Tosca at the Metropolitan Opera
Radvanovsky Offers a New and Satisfying Tosca
By: Susan Hall - Jan 15, 2011
by Giacomo Puccini
Metropolitan Opera, New York
Conductor: Marco Armiliato
Tosca: Sondra Radvanovsky
Cavaradossi: Marcelo Alvarez
Scarpia: Falk Struckmann
Sacristan: Paul Plishka
Production: Luc Bondy
Set Designer: Richard Peduzzi
Costume Designer: Milena Canonero
Lighting Designer: Max Keller
January 14, 2011
Photos Marty Sohl, the Metropolitan Opera
When Placido Domingo told Met management about a year ago that the great soprano Sondra Radvanovsky must be restored to her rightful position on the company’s roster, his demand could not be refused. Trovatore is one of Radvanovsky’s signature roles, but the announcement that she would also sing Tosca came as surprise. How would one of the supreme Verdi sopranos of our time fare in Puccini?
Last spring Radvanovsky gave a brief preview at Carnegie Hall. The first note she sang of Vissi d’arte answered the question. It was incomparably thrilling.
Monday night January 10th was the first performance of the Luc Bondy Tosca with Radvanovksy, Roberto Alagna stepping in for an ill Marco Alvarez, and terrifying bass baritone Falk Struckmann.
Radvanovsky has a perfectly beautiful upper voice. When she breaks loose, she is as exciting as anyone on the opera stage today. An immediacy and vocal personality grabs and keeps your attention.
What controversy there is about Radvanovsky, apart from a pitch problem which certainly was not apparent on Friday, is her ‘acting.’ While it is often said that her containment when she sings legato does not reflect the emotion of her singing, certainly as she settled in to Act II, her body reflected the expressed emotion. An image of her on a window sill, looking out over Rome with the fingers of one hand splayed, lingers.
Her interpretation of Tosca is a new take on the role. Like a good actress, she has read the text and found a place to settle into the character. She talks about Tosca as a young singer, not a grand diva from La Scala. Tosca is a girl in love, jealous, and concerned about the safety of her politically incorrect boyfriend.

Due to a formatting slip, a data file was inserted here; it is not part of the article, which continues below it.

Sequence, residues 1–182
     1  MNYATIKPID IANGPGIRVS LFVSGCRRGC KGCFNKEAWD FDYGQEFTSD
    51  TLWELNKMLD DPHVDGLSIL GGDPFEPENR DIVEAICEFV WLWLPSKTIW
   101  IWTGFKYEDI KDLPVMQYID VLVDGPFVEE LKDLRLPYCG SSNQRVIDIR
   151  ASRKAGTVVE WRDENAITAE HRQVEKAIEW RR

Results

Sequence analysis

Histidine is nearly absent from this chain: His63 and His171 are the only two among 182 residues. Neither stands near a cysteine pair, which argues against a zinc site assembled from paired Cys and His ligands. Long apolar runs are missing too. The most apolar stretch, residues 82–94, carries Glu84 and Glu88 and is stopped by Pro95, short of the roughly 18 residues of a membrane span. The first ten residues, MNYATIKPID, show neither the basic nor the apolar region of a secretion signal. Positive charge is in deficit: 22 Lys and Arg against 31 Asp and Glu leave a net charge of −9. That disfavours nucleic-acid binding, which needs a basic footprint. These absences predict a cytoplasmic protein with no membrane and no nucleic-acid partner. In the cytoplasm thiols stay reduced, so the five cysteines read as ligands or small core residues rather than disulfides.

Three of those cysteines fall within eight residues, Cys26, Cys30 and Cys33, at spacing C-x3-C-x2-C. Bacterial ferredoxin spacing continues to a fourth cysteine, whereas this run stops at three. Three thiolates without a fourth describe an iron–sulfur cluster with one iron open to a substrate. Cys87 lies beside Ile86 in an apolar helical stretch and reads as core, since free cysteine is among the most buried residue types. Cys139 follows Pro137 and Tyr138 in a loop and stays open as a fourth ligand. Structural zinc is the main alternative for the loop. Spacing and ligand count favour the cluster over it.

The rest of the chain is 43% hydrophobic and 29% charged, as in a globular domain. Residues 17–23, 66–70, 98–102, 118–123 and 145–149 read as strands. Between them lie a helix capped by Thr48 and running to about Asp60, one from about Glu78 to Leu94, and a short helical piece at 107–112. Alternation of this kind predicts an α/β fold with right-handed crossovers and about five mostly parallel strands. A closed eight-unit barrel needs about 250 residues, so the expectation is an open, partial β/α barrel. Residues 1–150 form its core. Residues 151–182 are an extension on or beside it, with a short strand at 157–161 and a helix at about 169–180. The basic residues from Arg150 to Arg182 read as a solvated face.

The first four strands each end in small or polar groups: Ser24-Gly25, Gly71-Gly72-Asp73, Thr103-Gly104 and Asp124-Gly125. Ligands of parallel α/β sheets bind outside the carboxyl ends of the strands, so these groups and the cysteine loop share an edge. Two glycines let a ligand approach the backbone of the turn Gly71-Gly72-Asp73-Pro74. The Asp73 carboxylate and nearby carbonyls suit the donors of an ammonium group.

Act II is usually staged as a mano a mano between Scarpia and Tosca – two characters of equal size, each trying to dominate the other. Radvanovsky makes Tosca vulnerable, a young woman who has no idea what to do about the sadistic advances of the chief of police. In her empire red dress, she is not so much a seductress as a new flower blooming.
In this interpretation she is assisted by a great Scarpia, Struckmann, who clearly salivates as he contemplates the seduction of an innocent. When in Act III, Cavaradossi remarks in disbelief that Tosca’s sweet hands have killed the chief of police, the wisdom of Radvanovsky’s interpretation is clear.
Struckmann is a Wagnerian bass-baritone but his take on Scarpia is spot on. His simulated tenderness in Acts I and II fools Tosca and for a moment we believe he has a heart. But then he turns on a dime to the pleasures of cruelty. It’s hard to think of a better acted dying and death than his, as his body sprawls on the red sofa with legs akimbo upward.
Only Scarpia and a guard on a parapet in Act III moved comfortably to the tempi chosen by the conductor, Marco Armiliato. The orchestra dragged uncomfortably and the singers were somewhat cramped. Armiliato’s choice seems odd and unfortunate.
The problem with the first iteration of the Bondy production was Tosca, although no one would discuss the failings of a singer they liked. The second cast brought in last spring was superb. Now Bondy has come in and tweaked. In removing a painted breast nipple that pointed like a headlight, taking out Scarpia’s French kiss of the Madonna and the blow job at the beginning of Act II, cleaning up Tosca’s jump, which ended midair on opening night, the staging is more palatable. It could perhaps use some re-thinking to make it more interesting. Radvanovsky has certainly done her part in creating a character who is probably closer to Puccini’s intention that any other singer’s in the past. For instance, she got laughs for bringing forward the humor in the first Act.
Production problems have by and large faded into the background. Listening to and watching Radvanovsky, a great soprano with a huge voice, Marcelo Alvarez, a delightful tenor, heartbreaking at the end of “lucevan le stelle”, and the arresting Struckmann makes for a wonderful evening at the Met.
Tosca continues with this cast on January 17, 21, 25, 29 (matinee). In March and April Violetta Urmana is Tosca. [see berkshirefinearts.com review (1/31/10) of Urmana at the Lyric in Chicago last year].
Metropolitan Opera: 212-362-6000.